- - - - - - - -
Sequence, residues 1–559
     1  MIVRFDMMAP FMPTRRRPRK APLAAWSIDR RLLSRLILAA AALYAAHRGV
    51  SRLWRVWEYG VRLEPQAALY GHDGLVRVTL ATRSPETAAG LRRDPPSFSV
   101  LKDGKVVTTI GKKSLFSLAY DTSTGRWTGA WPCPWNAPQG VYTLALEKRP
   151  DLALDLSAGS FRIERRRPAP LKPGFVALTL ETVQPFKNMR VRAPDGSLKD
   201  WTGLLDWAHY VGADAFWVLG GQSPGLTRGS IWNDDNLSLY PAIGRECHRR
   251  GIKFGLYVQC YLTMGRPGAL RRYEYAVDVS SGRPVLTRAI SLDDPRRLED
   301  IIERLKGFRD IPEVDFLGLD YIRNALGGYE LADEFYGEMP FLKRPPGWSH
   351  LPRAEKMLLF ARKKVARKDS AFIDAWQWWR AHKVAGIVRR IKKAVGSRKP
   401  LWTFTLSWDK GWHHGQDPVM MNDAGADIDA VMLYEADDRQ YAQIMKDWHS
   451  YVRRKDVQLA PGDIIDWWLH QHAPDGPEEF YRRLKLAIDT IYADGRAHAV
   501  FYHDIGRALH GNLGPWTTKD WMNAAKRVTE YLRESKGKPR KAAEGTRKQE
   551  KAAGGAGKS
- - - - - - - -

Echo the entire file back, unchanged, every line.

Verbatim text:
Sequence, residues 1–559
     1  MIVRFDMMAP FMPTRRRPRK APLAAWSIDR RLLSRLILAA AALYAAHRGV
    51  SRLWRVWEYG VRLEPQAALY GHDGLVRVTL ATRSPETAAG LRRDPPSFSV
   101  LKDGKVVTTI GKKSLFSLAY DTSTGRWTGA WPCPWNAPQG VYTLALEKRP
   151  DLALDLSAGS FRIERRRPAP LKPGFVALTL ETVQPFKNMR VRAPDGSLKD
   201  WTGLLDWAHY VGADAFWVLG GQSPGLTRGS IWNDDNLSLY PAIGRECHRR
   251  GIKFGLYVQC YLTMGRPGAL RRYEYAVDVS SGRPVLTRAI SLDDPRRLED
   301  IIERLKGFRD IPEVDFLGLD YIRNALGGYE LADEFYGEMP FLKRPPGWSH
   351  LPRAEKMLLF ARKKVARKDS AFIDAWQWWR AHKVAGIVRR IKKAVGSRKP
   401  LWTFTLSWDK GWHHGQDPVM MNDAGADIDA VMLYEADDRQ YAQIMKDWHS
   451  YVRRKDVQLA PGDIIDWWLH QHAPDGPEEF YRRLKLAIDT IYADGRAHAV
   501  FYHDIGRALH GNLGPWTTKD WMNAAKRVTE YLRESKGKPR KAAEGTRKQE
   551  KAAGGAGKS